The Dirty Dozen: How Twelve Supreme Court Cases Radically Expanded Government and Eroded Freedom
, 2008 - History
- 302 pages
A non-lawyerÂ's guide to the worst Supreme Court decisions of the modern era
The Dirty Dozen takes on twelve Supreme Court cases that changed American historyÂ—and yet are not well known to most Americans.
Starting in the New Deal era, the Court has allowed breathtaking expansions of government power that significantly reduced individual rights and abandoned limited federal government as envisioned by the founders.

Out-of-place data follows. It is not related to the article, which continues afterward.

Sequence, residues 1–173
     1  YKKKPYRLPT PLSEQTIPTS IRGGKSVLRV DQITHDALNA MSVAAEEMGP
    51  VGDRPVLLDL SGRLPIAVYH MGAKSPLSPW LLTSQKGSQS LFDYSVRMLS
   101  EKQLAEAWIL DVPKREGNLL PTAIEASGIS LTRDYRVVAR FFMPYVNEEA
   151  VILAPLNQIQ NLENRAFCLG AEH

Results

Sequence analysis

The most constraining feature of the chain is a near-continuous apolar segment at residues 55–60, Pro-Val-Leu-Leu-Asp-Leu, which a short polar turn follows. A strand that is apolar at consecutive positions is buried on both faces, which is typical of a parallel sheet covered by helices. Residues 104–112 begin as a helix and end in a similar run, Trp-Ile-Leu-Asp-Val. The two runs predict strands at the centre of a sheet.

Â• Helvering v. Davis (1937) allowed the government to take money from some and give it to others, without any meaningful constraints
Â• Wickard v. Filburn (1942) let Congress use the interstate commerce clause to regulate even the most trivial activitiesÂ—neither interstate nor commerce
Â• Kelo v. City of New London (2005) declared that the government can seize private property and transfer it to another private owner
Levy and Mellor untangle complex Court opinions to explain how The Dirty Dozen harmed ordinary Americans. They argue for a Supreme Court that will enforce what the Constitution actually says about civil liberties, property rights, racial preferences, gun ownership, and many other controversial issues.